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A European Journey #36 – Constantinople (Turkey)

A European Journey #36 – Constantinople (Turkey)

Today we will start a new miniseries in which we will learn more about one of the most important churches of Europe, the Eastern Orthodox Church.

In this stage, we will visit the city that played a key role in the development of Orthodox Christianity. I am referring to Constantinople (today Istanbul).

With fifteen million inhabitants, the city is the largest of Europe. It was founded before the 7th century BC by colonists from the Greek Peloponnese. Until the 4th century AD, it was a relatively small town named Byzantium.In 330, it suddenly rose to prominence when Constantine, the first Christian Roman Emperor, decided to move the capital of the Empirehere and rename it ‘New Rome’. Later on the city was named Constantinople (The City of Constantine) in his honour.

The place we are going to visit today is one of the most important sights of the city, Hagia Sophia (or Church of the Holy Wisdom). This magnificent church built in 537 is located near the Straight of Bosporus. Its unique architecture mixing Christian and Islamic signs has a lot to reveal to us.

Before taking a closer look at the history of the Orthodox church, we need to look at the way the universal church developed in the first centuries.

After Jesus’ death and resurrection, the first believers began to spread the Gospel outside of Israel. Soon four centres of Christianity became prominent: Jerusalem, Antioch, Alexandria and Rome. The Gospel also reached Byzantium quite quickly, but it is only later that it became a major centre of Christianity.

Soon bishops were chosen to lead the four main centres of Christianity. Among other things, a bishop taught the Scriptures and worked as both a spokesperson and a leader for the community. Their churches were naturally larger than others. So when ministers were needed elsewhere, they were sent there with the blessing of the bishops. For example, missionaries from Antioch were sent to Syria, Armenia or Georgia, while missionaries from Alexandria were sent to Ethiopia or Nubia (Southern Egypt), where they served churches that still exist to this day.

As the smaller churches grew in size, they also elected bishops who were under the authority of the bishops of the main cities. The bishops of the main centres of Christianity thus became archbishops, that is overseers of bishops.

But how did Constantinople rise to prominence?

In the 4th century AD, two major changes occurred in the Roman Empire. The first was that Christianity became the official religion of the Empire. This inevitably changed the role of the bishops who now received more earthly power, especially in Rome, which did not always have good consequences. The second change was that the capital of the Empire was moved from Rome to Constantinople. Obviously, the church of the city grew in importance. But officially it was still supervised by the church of a nearby town called Heraclea.

Sothe emperor felt the need to change the status of the church of Constantinople in order to better reflect the new political structure. This was one of the reasons behind the organisation of the Second Ecumenical Council, fifty years after the first one in Nicaea. This time, it was organised here, in Constantinople, in 381.

While this Council brought valuable theological outcomes, it also made an important declaration regarding Constantinople: 

“The Bishop of Constantinople receives precedence of honour after the Bishop of Rome, because that city is New Rome.”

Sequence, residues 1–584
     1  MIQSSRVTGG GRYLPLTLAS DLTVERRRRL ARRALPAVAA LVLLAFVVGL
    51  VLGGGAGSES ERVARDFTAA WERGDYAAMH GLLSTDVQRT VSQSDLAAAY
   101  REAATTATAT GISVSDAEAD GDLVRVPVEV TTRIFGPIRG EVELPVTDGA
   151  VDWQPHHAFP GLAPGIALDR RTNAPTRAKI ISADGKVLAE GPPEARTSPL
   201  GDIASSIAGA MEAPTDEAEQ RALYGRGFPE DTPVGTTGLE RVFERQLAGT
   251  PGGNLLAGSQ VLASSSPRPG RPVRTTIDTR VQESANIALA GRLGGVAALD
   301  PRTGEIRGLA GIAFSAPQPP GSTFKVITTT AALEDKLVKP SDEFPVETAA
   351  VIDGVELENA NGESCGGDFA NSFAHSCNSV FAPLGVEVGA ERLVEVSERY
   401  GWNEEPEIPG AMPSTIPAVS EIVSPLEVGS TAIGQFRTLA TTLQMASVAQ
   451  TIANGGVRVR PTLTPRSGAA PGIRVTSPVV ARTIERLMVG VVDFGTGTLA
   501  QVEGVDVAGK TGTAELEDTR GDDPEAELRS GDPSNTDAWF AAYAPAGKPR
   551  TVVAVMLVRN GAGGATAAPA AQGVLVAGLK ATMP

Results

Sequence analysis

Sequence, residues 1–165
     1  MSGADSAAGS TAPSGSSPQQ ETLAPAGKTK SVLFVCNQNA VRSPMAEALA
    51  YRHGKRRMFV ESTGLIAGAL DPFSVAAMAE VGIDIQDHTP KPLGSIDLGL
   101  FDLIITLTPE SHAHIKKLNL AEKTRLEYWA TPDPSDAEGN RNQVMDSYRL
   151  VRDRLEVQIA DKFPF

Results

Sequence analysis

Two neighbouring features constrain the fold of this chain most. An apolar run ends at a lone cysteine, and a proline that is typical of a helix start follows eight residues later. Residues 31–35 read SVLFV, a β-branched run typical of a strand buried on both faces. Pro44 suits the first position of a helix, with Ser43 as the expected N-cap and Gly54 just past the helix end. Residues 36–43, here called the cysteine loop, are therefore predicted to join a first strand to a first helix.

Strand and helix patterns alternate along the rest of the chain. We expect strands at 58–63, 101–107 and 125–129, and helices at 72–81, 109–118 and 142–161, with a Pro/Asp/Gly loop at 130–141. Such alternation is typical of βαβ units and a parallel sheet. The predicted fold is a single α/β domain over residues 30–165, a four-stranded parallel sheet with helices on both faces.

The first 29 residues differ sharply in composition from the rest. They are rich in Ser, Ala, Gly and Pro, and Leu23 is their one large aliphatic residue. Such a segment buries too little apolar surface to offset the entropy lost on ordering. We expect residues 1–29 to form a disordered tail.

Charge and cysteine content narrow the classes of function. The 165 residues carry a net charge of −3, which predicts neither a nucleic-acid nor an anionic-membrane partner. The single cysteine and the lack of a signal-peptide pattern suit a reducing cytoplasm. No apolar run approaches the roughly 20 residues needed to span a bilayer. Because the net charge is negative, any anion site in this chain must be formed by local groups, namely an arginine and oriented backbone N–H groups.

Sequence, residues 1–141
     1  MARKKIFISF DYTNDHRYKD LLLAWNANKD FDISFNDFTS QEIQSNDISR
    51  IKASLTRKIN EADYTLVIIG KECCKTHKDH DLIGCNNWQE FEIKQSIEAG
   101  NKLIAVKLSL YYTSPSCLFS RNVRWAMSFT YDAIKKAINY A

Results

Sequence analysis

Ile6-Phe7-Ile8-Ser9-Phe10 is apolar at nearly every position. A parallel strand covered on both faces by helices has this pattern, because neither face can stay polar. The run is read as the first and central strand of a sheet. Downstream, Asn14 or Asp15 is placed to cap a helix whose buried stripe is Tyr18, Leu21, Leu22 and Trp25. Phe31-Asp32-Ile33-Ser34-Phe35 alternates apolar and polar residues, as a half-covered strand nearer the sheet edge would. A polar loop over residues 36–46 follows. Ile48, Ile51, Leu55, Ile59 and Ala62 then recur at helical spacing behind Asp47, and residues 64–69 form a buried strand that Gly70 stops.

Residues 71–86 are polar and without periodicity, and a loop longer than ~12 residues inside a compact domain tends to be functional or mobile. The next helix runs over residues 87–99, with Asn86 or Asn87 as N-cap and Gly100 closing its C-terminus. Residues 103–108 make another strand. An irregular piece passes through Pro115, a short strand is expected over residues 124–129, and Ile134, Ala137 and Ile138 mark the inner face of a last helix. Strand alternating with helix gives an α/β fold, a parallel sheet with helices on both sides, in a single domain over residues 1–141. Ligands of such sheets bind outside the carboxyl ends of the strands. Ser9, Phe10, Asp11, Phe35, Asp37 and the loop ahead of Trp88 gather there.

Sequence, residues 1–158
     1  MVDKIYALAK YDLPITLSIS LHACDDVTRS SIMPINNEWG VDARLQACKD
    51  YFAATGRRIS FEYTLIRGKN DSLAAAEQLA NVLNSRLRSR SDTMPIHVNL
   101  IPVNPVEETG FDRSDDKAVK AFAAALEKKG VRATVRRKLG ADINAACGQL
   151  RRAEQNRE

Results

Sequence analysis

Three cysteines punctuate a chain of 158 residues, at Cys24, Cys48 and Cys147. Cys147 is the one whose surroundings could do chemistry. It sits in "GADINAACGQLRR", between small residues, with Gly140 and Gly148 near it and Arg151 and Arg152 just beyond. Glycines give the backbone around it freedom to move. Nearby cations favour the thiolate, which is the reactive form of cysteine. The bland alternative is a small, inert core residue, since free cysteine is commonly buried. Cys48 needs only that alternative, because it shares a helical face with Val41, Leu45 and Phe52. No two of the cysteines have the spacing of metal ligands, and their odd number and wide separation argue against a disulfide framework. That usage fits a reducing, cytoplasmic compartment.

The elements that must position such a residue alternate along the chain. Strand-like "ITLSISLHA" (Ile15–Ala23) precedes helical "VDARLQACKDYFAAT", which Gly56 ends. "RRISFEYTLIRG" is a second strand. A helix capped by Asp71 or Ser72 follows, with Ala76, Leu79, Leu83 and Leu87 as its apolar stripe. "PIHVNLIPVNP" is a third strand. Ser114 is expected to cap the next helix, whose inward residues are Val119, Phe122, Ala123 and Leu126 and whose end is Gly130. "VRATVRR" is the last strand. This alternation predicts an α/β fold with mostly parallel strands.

This declaration had three profound outcomes, one of which was positive and two of which were negative.

The positive one was that this declaration was what made Constantinople the heart of Christianity in the region for the centuries to come. The magnificent Hagia Sophia was built to reflect this new position of the local church. Ministers were trained here and sent to establish churches in lands not yetreached by the Gospel. The church was also at the heart of legal reforms inspired by the Bible, such as the Justinian code. This legal code became the foundation for our European legal tradition.

So how about the negative ones?

The first is that this declaration offended the bishops of Alexandria and Antioch, which in turn broke the unity of the church. And seventy years later, offence turned into separation when Antioch and Alexandria rejected the canons of the Council of Chalcedon, held in a nearby suburb of Constantinople. To this day, the churches of Georgia, Armenia, Ethiopia, and the Syriac and Coptic churches are officially separated from the Western churches.

The second was that, even though the position of Rome was not challenged, the Roman church feared that the rise of Constantinople would create a power struggle between them. Sadly, this was true. For the following centuries, the relationship between Rome and Constantinople was characterized by strife. Finally, this led to the infamous Great Schism of 1054 that was actually triggered right here in Hagia Sophia.

These divisions greatly weakened the lands affected by the splits. In fact, the first Islamic invasions succeeded in all the lands affected by the schism of Chalcedon. Later on, even the success of the Islamic invasion of Constantinople in 1453 was a result of the weakened position of the Orthodox Church after the Great Schism. The four minarets surrounding Hagia Sophia also testify to this.

Today, however, dialogue between these historically divided churches is taking place more than ever before. Moreover, many refugees coming into Europe are members of the old Eastern churches. Could this be part of God’s plan to restore the unity of his Church?

See you next week somewhere else in Europe.

Cédric Placentino

Schuman Centre convener for Italian and French Europe

Follow A European Journey here.

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